I recently had the opportunity to spend some time with a mentor I haven’t seen in a while. He also happens to be a key opinion leader and one of the brightest minds in our industry. As usual I was awestruck. This time it was by his clarity of focus. He has managed to build systems and teams around himself which allow him to focus on mid- and long-term strategy, to avoid the everyday noise & interference, and ultimately to execute at the highest level those vital few strategies he has chosen.
It is easy to get caught up in the daily noise. It can be tempting to want and to try to implement a myriad of strategies and tactics. However, as the mentor I mentioned has proven, focus wins the day. Focus on a few vital strategies and execute them at the highest level. Concentrating on the vital fews will not only help to filter out the noise, but also to accelerate and elevate successes.
Here are a few simple considerations to examine when evaluating whether or not to implement a new strategy:
- What problem are you trying to solve? Albert Einstein was reported to have said, “If I had an hour to solve a problem, I’d spend 55 minutes thinking about the problem and 5 minutes thinking about solutions.” Ensure a new strategy or change to strategy will actually solve a problem or make a difference. Focus first on making sure there is a problem and understanding it as completely as possible.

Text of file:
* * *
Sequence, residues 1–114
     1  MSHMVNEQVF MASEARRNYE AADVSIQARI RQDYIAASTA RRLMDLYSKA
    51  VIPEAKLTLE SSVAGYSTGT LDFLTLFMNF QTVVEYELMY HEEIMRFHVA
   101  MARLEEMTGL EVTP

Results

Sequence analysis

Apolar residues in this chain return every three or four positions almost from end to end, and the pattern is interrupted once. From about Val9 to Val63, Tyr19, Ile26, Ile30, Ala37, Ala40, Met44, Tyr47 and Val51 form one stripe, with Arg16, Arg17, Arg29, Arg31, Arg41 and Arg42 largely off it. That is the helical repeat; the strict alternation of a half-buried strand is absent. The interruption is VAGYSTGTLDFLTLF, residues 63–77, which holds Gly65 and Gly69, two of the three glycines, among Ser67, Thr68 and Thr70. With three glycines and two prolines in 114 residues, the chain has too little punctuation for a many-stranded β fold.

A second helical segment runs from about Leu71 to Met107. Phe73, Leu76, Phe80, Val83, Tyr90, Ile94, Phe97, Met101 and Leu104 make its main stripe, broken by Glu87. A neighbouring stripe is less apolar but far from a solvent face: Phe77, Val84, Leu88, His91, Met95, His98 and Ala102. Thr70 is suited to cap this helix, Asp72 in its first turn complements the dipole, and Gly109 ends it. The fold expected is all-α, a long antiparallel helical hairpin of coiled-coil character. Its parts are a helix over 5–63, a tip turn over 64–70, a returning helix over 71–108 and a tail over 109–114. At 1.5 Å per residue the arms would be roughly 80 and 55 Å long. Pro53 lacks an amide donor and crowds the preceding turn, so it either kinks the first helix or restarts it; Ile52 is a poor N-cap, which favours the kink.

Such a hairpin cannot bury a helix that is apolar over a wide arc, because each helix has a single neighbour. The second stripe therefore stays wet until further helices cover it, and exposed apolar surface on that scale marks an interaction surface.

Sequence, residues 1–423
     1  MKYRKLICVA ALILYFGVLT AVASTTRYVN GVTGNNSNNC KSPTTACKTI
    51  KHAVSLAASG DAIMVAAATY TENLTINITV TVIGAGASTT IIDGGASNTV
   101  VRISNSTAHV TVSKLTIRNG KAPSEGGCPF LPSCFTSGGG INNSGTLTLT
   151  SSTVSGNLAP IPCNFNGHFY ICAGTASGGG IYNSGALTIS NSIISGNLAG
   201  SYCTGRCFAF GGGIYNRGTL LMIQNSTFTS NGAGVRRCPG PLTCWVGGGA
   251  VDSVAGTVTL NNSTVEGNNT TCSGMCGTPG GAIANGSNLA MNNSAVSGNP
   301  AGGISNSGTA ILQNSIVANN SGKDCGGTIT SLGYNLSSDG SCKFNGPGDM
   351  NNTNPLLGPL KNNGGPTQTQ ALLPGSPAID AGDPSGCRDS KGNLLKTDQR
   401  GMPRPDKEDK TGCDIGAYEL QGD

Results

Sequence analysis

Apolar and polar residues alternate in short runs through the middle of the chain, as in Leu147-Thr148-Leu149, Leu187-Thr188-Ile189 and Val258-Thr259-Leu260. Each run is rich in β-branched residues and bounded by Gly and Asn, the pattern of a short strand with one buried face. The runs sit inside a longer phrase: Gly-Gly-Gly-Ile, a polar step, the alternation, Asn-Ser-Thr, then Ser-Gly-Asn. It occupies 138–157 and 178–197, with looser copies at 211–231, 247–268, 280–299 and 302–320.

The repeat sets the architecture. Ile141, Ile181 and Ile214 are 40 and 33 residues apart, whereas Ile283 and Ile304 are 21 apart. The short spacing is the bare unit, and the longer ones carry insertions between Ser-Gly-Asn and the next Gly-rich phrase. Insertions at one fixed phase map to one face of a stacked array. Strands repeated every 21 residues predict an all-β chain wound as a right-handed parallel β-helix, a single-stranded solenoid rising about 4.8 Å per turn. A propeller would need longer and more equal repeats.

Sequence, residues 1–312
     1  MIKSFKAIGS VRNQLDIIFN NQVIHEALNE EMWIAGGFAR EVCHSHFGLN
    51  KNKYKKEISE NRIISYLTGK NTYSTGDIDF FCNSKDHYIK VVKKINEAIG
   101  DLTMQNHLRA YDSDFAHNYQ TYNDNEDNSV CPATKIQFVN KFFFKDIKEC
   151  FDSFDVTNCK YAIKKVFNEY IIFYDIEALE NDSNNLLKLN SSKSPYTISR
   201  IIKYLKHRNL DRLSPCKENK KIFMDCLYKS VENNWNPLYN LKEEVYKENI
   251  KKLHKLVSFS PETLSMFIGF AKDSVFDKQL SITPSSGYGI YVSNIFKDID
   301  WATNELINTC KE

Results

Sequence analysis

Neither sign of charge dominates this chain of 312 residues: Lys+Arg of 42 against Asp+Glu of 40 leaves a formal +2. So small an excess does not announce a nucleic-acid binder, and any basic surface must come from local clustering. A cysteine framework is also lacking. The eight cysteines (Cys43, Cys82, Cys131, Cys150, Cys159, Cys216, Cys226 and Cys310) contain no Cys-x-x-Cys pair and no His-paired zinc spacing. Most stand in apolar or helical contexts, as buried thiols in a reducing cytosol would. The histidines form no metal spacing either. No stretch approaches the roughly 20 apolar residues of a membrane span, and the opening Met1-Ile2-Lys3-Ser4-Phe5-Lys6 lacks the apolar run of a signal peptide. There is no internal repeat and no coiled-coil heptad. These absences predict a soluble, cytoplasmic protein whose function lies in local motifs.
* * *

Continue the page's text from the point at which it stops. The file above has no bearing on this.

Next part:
- Protect your core. Figure out what is working, what you’re doing well, and keep at it. If you opt to introduce something new, be mindful that you protect what has gotten you this far. As new strategies gain traction, the core will likely shift. Continue to protect it.
- Give it time. If you really believe in a strategy, don’t give it up prematurely only to shift attention to something else. Over time this will only yield many half-executed strategies which combine to form more noise and sap resources.
- Ensure you have the resources to execute at the highest level. This refers not just to monetary resources, but also to human capital. Do your sales, marketing, and customer service teams have the bandwidth to execute the new strategy while at the same time continuing to execute core strategy and tactics?
- Give something up. Not the core, of course. To introduce a new strategy means something will have to give…hence the fews in vital fews. Unless you are wasting resources, a focus on the vital fews inherently requires you will have to make some sacrifices.
- Measure. Sure, it sounds simple and management teams love to talk about metrics. Make sure your new strategy can be measured against clear, concrete objectives. How and how often will you measure the results of the new strategy?
- Augment. The metrics will guide you. As you gain traction with the new strategy, make subtle shifts to get more out of it.
- Repeat. New challenges will arise as your selected, vital few strategies overcome old ones. Focus on understanding these new problems, examine what is your current core strategy to protect, and allot the proper amount of time and resources for any new strategies to address the new obstacles.
Implementing a vital fews vision is cyclical. It begins with intense focus, directed primarily inward. Know your problems. Know what is working. Be judicious with making changes and implementing new strategies. Commit the proper time and resources with the understanding that short-term sacrifice will likely be needed to reach the mid- to long-term goals. Measure and change as necessary based on the results. Keep your focus narrow and intense as the landscape of challenges changes in reaction to your successes.
A vital fews philosophy can be summed up quite succinctly. Eliminate the noise. Focus. Grow.